United CEO vows to be aboard 737 Max when its cleared to fly

CHICAGO — CEO Oscar Munoz says he will be aboard United Airlines’ first flight of a Boeing 737 Max once regulators agree to let the aircraft fly again.

Munoz made the promise after Chicago-based United’s annual meeting with shareholders Wednesday.

In crashes in Indonesia in October and Ethiopia in March, an automated system called MCAS mistakenly turned the noses of the planes down in response to faulty readings from a single sensor. Pilots were unable to recover 346 people died. As a result, regulators grounded the planes.

Chicago-based Boeing says it has finished with its updates to the flight-control software implicated in the crashes.

Munoz says even after regulatory agencies clear the 737 Max to fly again, it will take more to get passengers comfortable getting on board. He says United in developing a case for the 737 Max, including educating customers and employees about why United feels it’s safe to resume flights.

Get local stories you won't find anywhere else right to your inbox.
Sign up here

Just Posted

Who is at highest risk of exposure to COVID-19? Firefighters, drivers, pharmacists, cooks

Central Alberta firefighter says virus taking toll on mental health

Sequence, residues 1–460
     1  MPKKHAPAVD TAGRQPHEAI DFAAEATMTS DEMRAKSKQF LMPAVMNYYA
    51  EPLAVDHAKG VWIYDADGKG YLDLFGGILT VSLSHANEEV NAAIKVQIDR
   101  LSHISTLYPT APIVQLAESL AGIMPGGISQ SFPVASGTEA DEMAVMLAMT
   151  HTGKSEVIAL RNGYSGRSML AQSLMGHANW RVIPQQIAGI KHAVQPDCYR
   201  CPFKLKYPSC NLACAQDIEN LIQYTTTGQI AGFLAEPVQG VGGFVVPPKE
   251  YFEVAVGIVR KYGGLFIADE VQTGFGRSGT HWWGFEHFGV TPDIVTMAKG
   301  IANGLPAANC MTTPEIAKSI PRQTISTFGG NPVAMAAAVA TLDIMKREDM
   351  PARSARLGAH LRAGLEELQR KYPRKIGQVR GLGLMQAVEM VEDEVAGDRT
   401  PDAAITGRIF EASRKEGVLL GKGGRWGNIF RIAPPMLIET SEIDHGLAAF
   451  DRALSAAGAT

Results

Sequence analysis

RCMP facing ‘systemic sustainability challenges’ due to provincial policing role

Federal share is approaching $750 million annually, up from $618 million in 2012-13

LIVE: Procession to honour Snowbirds Capt. Jennifer Casey comes to Halifax

Snowbirds service member died in a crash in Kamloops one week ago

Alberta government website has latest COVID-19 statistics

Red Deer Advocate readers can stay up to date on the COVID-19… Continue reading

N.S. fire crews continue battling ‘out-of-control’ Porters Lake blaze

Word of the fire first emerged early Saturday afternoon

Technology, representation butt heads amid debate over resuming Parliament

The Liberals are now proposing four meetings a week until June 17

Procession for Snowbirds crash victim makes its way through Halifax

The 35-year-old military public affairs officer and Halifax native died in the crash

The latest numbers on COVID-19 in Canada as of May 23

There are 83,621 confirmed and presumptive cases in Canada

Procession for Snowbirds crash victim to make its way through Halifax today

The military public affairs officer died in the Snowbirds Tutor jet crash in B.C. last Sunday

Employers worry about safety, cash flow, second wave in COVID-19 restart

Only eight per cent of employers were fully prepared to restart operations, survey finds

Liberals table proposal for expanded Commons COVID-19 meetings, summer sittings

OTTAWA — The Liberals have tabled a proposal that would see expanded… Continue reading

Most Read